Apart from being impractical, the Dublin Rosslare line is incredibly picturesque , Source: Depositphotos

Ireland wants to protect historic rail line from climate change

Ireland wants to protect historic rail line from climate change

The 150-year-old Dublin-Rosslare train route runs along the eastern coast of the island

Last week Iarnród Éireann (Irish Rail), Ireland’s national rail operator announced it needs 230 million euros to protect the Dublin-Rosslare line from the effects of climate change. The line runs along the east coast of the island, starting from the capital, all the way to the South-East terminus at the small town of Rosslare.

Some sections of the line were built more than 150 years ago and the years of battering by the elements have eroded the coastline and the concrete foundations of the rail line. According to a statement by Iarnród Éireann, the idea behind the renovations was to secure the line for generations to come.

Resilience for the next 50 to 100 years

The whole line from Dublin to Rosslare has a length of 168 kilometres and around half is located directly by the sea, vulnerable to climate change. The rail operator has said that funding over the next seven years is supposed to strengthen those particular regions and protect the infrastructure for the next 50 to 100 years.

This includes projects like breakwaters, beach nourishment and onshore revetment strengthening, however, the what and where of these projects will depend on the analysis by Jacobs Engineering, a private company contracted for the first phase of the renovations.

The vulnerable areas are 60 kilometres between Merrion Gates and Wicklow, as well as the 17 kilometres in the Wexford to Rosslare leg. The condition of the line will be examined in the Merrion and Dun Laoghaire, Dalkey Tunnel and Killiney Station, Bray Head and Greystones North Beach, Greystones South and Newcastle, Newcastle to Wicklow as well as at Bray North and Rosslare.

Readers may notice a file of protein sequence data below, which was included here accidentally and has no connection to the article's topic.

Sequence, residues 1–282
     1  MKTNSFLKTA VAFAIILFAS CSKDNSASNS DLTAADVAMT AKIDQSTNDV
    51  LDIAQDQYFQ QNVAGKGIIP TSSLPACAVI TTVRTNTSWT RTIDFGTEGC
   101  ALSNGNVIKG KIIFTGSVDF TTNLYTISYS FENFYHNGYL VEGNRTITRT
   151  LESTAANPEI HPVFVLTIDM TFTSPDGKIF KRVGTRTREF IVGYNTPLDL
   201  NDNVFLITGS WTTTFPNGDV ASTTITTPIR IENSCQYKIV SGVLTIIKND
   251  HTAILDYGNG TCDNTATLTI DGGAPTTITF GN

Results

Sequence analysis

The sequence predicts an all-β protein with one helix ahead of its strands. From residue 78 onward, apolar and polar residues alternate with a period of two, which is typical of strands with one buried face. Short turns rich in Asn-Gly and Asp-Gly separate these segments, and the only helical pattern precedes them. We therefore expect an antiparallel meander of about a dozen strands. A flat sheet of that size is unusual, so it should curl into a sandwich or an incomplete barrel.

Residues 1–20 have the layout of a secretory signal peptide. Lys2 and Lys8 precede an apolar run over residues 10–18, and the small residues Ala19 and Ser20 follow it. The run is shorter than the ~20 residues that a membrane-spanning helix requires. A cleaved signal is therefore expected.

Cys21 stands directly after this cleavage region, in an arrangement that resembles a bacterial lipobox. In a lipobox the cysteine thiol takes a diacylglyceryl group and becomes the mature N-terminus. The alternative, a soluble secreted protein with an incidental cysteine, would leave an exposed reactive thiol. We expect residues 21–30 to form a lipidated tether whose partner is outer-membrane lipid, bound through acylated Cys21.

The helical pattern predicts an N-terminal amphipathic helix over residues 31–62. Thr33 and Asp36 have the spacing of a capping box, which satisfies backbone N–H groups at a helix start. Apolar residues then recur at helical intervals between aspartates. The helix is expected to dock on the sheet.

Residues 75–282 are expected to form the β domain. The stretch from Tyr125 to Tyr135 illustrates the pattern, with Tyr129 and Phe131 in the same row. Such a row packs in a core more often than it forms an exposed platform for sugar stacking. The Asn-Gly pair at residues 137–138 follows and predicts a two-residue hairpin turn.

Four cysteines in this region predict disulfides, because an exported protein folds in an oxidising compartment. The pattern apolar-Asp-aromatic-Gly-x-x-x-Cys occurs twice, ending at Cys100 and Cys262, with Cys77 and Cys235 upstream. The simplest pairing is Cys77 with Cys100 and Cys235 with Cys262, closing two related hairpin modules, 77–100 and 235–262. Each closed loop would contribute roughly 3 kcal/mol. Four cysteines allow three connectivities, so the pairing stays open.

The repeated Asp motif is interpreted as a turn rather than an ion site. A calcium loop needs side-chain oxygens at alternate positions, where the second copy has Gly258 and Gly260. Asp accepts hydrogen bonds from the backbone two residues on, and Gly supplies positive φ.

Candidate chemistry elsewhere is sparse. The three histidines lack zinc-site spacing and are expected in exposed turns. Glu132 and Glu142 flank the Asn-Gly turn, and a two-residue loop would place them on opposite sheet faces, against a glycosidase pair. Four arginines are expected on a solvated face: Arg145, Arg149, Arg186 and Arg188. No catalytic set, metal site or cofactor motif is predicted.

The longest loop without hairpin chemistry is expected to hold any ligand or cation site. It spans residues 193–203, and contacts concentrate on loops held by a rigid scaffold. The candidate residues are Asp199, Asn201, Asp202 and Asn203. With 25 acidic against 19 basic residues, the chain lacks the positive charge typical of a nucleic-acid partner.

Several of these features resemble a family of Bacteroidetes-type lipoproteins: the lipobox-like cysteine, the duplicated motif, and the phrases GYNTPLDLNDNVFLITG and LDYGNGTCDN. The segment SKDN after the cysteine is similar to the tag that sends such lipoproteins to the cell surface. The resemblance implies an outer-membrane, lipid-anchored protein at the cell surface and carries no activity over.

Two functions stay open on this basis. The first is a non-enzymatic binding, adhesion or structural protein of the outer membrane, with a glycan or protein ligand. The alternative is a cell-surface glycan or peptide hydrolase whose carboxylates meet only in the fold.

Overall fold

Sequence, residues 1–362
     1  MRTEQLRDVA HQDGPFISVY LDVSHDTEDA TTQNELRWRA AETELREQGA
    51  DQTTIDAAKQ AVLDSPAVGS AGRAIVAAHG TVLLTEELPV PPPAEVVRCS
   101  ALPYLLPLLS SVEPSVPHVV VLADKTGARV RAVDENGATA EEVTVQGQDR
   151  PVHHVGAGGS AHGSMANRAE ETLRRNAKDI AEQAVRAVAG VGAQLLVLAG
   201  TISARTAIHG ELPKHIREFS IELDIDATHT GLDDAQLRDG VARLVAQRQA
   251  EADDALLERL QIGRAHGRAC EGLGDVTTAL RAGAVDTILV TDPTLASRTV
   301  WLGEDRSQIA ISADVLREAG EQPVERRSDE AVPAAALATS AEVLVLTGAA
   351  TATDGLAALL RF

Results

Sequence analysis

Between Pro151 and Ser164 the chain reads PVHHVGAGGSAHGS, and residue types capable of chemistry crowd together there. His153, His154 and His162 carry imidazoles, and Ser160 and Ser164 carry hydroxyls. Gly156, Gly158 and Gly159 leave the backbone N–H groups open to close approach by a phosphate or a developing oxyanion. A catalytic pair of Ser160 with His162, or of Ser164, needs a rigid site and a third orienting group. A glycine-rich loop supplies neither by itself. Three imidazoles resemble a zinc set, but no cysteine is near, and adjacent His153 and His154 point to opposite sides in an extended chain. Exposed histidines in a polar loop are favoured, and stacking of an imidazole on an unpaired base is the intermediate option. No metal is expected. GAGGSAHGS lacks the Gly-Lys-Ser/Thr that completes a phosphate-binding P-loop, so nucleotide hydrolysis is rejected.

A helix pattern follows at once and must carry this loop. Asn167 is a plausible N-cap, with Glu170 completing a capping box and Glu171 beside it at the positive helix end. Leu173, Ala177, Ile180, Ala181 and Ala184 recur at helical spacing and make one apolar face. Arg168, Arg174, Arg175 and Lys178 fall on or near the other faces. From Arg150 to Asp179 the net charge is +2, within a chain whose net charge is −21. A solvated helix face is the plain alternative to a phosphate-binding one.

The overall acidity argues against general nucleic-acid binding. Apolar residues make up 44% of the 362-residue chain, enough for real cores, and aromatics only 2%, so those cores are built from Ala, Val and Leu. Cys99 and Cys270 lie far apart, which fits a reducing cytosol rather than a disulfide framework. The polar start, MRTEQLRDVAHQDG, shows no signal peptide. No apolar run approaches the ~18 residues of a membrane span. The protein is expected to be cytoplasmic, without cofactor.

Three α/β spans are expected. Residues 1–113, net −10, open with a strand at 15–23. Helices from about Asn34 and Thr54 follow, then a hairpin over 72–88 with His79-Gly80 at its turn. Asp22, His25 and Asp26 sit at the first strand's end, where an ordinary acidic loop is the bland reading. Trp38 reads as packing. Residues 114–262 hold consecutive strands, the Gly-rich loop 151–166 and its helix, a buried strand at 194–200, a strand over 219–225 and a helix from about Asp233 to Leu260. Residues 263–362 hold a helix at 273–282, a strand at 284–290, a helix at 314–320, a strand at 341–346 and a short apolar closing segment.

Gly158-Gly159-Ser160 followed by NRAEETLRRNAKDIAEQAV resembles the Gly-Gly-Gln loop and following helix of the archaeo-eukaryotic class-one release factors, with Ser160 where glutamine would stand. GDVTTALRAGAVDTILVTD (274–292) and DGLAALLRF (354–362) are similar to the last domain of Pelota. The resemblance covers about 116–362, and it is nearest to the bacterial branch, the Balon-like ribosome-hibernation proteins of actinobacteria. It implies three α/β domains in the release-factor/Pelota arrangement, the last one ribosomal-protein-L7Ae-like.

Irish Rail infrastructure Programme Manager Aidan Bermingham, was quoted by the Irish Times, explaining that some older stations are showing severe structural issues, especially when they face the sea.

Additionally, he pointed out that climate-related issues, such as waves washing over the very tracks, have increased in recent years. He also said that their severity has also increased and pointed out that in the past 20 years, there have been more individual cases of climate and weather problems than in the past 100.

The rail line is already there and there is not much to do about it

Iarnród Éireann corporate communications manager Barry Kenny was quoted by the RTÉ, explaining that coastal railway construction and maintenance have always been challenging. Throughout history, there have been many protective interventions in the line’s infrastructure.

He even said that Irish Rail considered moving the line altogether inland. However, that massive infrastructure project would come with a heavy price tag, so renovations and climate mitigation measures made more sense in both the short term and the next century.



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